Saturday, 7 September 2013

Tales from the pharmacy

These are several stories that happened to me whilst working recently which I thought I’d share (any identifying details of the patients below have been changed!).

  • It was the middle of a busy shift when one of the healthcare counter staff came up to me and told me that there was a patient requesting to see me who was having an asthma attack. I went out to see her, and she was indeed having an asthma attack and at that point was really struggling to breathe. There are certain prescription medications that Pharmacists are allowed to give to patients in emergency situations without a prescription or the patient being known to the pharmacy, so I took the patient into the consultation room and gave her a salbutamol inhaler. After several puffs she started being able to breathe again, which I was very relieved about. I stayed with her to ensure she recovered fully, and after 5 minutes or so she’d recovered enough to be able to talk again. At that point she got pretty upset as I think the attack had given her a shock. I comforted her and stayed with her for a while until she felt ok to leave. She thanked me a lot and claimed that I’d saved her life (probably a slight exaggeration!), but it was nice to think that I’d made a difference in that women’s life that day.
  • On another occasion, 2 sisters came into the pharmacy I was working at, both with prescriptions for the morning after pill. I asked them if they knew how to take it, and as they didn’t seem to know much about it, I took them into the consultation room to counsel them on it. I said that I could talk to them separately, but they were happy to come in together. As part of the counselling I always check how long ago the unprotected sex was to ensure that the patient is still eligible to take it, and to advise them on approximately how effective it will be. When I asked the question to these sisters, one of them said the early hours of the previous day and the other one nodded in agreement. I didn’t probe further but I couldn’t help thinking about what on earth had occurred? Had they both just happened to have had unprotected sex with different men at the same time, or had it occurred in some big orgy?! I’m glad I did talk to them though as the doctor didn’t seem to have told them anything about how to take it (or else they’d forgotten everything the doctor had said), and hopefully they’ll have good outcomes from it.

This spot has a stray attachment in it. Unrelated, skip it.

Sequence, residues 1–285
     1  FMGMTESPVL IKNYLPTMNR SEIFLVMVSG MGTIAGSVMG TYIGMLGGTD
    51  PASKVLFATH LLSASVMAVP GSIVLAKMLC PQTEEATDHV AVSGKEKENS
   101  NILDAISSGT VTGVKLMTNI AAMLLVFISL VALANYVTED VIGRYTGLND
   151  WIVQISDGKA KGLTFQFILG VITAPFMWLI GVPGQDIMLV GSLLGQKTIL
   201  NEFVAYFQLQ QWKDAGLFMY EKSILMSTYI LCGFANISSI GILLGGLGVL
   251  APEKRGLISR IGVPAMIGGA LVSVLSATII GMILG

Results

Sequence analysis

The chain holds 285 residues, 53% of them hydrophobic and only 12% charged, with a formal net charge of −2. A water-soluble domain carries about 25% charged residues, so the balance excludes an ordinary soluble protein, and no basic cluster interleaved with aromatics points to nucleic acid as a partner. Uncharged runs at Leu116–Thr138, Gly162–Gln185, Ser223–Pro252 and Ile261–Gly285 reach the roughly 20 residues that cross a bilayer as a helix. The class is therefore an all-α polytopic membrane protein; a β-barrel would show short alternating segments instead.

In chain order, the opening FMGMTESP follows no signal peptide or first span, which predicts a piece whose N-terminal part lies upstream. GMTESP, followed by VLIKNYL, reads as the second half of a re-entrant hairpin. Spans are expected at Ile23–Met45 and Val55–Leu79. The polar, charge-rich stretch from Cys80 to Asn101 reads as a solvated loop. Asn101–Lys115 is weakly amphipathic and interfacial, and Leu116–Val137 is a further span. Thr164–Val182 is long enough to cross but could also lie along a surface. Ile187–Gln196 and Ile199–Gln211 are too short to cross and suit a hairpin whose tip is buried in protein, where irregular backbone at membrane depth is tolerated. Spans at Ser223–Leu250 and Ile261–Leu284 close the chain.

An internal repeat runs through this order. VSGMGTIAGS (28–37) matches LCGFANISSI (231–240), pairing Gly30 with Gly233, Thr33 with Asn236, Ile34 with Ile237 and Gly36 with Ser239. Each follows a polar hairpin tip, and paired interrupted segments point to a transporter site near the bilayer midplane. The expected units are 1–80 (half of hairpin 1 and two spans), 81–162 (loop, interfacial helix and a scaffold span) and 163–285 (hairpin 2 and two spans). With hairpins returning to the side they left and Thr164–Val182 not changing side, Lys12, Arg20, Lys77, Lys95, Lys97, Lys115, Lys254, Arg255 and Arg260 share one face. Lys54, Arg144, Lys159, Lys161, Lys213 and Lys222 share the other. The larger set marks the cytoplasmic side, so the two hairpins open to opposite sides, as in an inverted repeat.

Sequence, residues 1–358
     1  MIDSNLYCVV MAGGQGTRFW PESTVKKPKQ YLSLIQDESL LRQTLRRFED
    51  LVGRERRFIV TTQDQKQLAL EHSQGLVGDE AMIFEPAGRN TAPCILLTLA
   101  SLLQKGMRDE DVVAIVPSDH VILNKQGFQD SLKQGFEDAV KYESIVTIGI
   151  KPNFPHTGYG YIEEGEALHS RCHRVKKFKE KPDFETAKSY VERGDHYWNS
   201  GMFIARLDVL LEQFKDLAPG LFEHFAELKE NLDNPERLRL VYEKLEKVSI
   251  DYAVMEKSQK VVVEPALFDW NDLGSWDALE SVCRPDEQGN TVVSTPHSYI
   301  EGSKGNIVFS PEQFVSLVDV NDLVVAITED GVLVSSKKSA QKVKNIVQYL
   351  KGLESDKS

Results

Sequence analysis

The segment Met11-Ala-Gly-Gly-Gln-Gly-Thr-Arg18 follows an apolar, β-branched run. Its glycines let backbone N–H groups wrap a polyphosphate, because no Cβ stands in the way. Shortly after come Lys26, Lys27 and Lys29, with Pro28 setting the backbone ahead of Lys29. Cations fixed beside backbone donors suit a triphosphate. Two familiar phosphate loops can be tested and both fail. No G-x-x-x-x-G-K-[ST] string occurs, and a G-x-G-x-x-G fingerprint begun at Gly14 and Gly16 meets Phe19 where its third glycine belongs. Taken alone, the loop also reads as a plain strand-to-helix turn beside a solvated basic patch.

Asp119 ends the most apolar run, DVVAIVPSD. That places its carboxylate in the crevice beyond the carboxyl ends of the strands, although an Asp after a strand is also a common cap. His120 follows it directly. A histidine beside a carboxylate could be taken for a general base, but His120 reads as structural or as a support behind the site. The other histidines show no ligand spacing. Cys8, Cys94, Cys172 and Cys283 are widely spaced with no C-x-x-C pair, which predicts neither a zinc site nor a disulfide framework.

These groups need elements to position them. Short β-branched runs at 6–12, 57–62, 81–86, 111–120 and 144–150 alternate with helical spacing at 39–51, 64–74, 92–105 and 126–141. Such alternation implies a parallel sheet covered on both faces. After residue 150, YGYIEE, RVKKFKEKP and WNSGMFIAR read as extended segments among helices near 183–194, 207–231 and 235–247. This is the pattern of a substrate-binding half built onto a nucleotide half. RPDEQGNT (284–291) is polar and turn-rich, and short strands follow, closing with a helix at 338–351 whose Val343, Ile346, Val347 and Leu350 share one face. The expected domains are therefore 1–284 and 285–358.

• Lastly, I was doing a medicines use review with a patient and talking to her about her medication. She had recently been prescribed a cream, so I asked her what she was using it for. It turned out that the patient is a naturist and was using the cream for a shaving rash “down below” from a recent naturist holiday! She didn’t need to tell me so many details surrounding the need for the cream, but it was interesting to hear about and the patient seem to mind telling me about it! 

Recently my locum agency wanted me to work 25 hours in one weekend at the end of September – a 8am to 11pm shift on Saturday and a 9am to 7pm shift on the Sunday. I agreed to work the Sunday shift but not the Saturday one. I know that in the future as a doctor I might have to work long hours, but as I currently have the liberty of refusing shifts, I’m taking full advantage. I just wouldn’t have felt confident in still being clinically safe to work after 15 straight hours, plus when I’m in uni full time Mon-Fri and have work to do outside of lectures, I need time off at some point! How much need though is there for a Pharmacy situated on the outskirts of a small town to be open until 11pm on a Saturday? It seems a bit pointless to me.

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